Local banks have begun to integrate GenAI across their operations, with OCBC recognising GenAI’s potential to handle tasks such as writing job descriptions, doing investment research reports, drafting responses to customer complaints, doing translation of documents, onboard OCBC internal staff, and to personalise customer experiences.
OCBC’s Head of Group Data Office, Donald MacDonald, told Fintech News Singapore that AI makes over four million daily decisions for the bank across risk management, customer service, and sales, with OCBC projecting this number to reach 10 million by 2025. AI delivers personalised recommendations and insights through the mobile banking app, sending 250 million recommendations per year towards assisting customers
The Emergence of Stablecoins and CBDCs
Project Guardian, spearheaded by MAS in conjunction with industry stakeholders, is at the vanguard of tokenising various asset classes such as foreign exchange, bonds, and funds. This initiative aims to unlock liquidity, streamline operational efficiency, and extend investor access. MAS is collaborating with global regulators, including the International Monetary Fund (IMF), to establish international standards and frameworks for asset tokenisation, thereby fostering global trust and cooperation.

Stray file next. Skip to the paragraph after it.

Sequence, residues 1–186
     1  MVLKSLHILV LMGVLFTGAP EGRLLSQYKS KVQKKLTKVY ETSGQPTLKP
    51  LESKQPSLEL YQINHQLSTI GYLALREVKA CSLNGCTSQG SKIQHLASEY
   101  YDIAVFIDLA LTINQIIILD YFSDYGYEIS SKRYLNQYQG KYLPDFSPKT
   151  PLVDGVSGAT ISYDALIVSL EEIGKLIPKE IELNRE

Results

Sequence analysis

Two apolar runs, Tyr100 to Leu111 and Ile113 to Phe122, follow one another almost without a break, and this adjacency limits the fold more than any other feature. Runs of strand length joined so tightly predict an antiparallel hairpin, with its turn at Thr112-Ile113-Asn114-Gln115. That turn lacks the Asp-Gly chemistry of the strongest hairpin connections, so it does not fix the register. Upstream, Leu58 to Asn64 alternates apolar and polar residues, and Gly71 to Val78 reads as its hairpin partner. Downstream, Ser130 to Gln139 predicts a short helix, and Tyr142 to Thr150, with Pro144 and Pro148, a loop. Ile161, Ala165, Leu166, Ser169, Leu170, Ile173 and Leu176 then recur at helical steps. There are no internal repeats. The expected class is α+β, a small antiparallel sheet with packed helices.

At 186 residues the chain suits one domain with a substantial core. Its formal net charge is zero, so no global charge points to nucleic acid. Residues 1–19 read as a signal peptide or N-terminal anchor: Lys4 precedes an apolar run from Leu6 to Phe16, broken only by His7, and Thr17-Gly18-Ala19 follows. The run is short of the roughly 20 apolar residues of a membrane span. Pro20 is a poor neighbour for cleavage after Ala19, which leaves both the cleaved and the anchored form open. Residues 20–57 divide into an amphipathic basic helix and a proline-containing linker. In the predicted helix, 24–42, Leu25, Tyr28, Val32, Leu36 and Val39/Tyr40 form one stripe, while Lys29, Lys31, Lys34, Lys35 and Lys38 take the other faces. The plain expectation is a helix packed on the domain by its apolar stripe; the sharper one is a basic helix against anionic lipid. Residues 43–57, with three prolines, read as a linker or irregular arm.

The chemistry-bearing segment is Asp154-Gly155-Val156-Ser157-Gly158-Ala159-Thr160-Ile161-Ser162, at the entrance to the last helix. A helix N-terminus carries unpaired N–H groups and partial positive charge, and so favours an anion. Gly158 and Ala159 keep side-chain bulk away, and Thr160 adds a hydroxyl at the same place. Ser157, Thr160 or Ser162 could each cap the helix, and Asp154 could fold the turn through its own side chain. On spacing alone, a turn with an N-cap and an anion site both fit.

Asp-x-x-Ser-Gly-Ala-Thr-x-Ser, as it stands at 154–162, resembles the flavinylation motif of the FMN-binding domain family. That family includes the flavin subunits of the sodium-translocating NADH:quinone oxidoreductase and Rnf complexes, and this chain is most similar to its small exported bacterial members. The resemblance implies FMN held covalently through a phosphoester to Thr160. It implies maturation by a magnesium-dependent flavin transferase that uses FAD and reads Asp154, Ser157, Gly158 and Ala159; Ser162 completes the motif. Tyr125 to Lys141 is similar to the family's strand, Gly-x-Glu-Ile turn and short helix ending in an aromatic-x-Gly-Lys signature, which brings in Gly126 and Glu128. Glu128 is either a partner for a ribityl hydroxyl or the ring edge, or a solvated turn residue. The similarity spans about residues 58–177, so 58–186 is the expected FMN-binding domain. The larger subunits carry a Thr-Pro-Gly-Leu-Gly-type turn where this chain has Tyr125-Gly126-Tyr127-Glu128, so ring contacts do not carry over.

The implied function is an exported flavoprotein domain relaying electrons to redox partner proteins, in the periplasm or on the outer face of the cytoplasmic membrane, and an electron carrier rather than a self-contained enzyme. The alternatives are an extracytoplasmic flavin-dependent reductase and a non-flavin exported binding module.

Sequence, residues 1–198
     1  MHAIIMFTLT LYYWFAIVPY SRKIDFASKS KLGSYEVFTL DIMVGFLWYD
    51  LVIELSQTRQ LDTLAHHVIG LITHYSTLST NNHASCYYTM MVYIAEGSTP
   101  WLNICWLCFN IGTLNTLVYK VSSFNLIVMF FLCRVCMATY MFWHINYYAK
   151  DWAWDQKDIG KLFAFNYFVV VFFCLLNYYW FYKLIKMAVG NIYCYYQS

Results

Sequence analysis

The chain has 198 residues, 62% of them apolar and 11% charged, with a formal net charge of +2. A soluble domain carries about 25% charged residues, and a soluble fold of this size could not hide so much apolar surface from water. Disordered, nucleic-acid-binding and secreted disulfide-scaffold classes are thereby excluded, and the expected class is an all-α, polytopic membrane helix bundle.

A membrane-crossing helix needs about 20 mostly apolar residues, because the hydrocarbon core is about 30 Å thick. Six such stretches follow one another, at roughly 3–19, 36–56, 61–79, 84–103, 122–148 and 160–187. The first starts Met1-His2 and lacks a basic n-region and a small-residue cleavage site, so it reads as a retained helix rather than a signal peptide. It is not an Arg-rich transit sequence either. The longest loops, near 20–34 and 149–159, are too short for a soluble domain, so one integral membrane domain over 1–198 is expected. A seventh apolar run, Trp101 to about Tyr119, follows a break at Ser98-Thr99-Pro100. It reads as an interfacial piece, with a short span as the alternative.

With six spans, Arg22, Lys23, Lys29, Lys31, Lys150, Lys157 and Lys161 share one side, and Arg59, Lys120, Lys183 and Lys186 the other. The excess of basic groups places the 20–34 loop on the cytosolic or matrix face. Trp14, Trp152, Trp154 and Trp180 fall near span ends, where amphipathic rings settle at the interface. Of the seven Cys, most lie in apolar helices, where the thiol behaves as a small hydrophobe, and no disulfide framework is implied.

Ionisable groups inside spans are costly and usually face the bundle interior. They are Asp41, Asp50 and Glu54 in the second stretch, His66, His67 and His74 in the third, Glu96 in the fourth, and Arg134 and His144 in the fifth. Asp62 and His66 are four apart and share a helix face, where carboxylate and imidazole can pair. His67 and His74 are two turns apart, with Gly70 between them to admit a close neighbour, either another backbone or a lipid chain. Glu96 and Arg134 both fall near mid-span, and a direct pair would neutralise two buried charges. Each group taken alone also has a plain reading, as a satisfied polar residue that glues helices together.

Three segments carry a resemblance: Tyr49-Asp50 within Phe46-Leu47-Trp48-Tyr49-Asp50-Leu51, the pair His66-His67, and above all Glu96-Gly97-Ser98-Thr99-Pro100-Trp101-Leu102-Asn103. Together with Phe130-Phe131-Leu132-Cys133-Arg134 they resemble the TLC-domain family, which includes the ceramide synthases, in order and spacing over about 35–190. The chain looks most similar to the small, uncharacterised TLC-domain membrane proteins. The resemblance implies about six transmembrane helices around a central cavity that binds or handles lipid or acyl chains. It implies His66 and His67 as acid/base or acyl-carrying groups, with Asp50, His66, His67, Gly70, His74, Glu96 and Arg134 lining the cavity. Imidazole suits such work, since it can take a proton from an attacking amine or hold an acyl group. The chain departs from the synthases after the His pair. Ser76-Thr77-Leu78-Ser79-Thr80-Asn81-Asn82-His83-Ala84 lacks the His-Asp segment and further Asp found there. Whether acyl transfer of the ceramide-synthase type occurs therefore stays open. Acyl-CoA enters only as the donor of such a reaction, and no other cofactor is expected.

In 2024, MAS is set to initiate a pilot program for the issuance of wholesale Central Bank Digital Currencies (CBDCs), surpassing previous simulations to actual applications in collaboration with local banks. This initiative underscores the potential of digital currencies in facilitating domestic payments. Concurrently, the provisional approval of stablecoins, aligning with MAS’ regulatory framework, highlights the potential of well-regulated stablecoins in broadening the applications of digital money.
MAS is collaborating with policymakers and financial institutions to explore the design of an open digital infrastructure that would host tokenized financial assets and applications, called Global Layer One (GL1). This system will facilitates tokenised assets to be traded across global liquidity pools, while meeting relevant regulatory requirements and guidelines.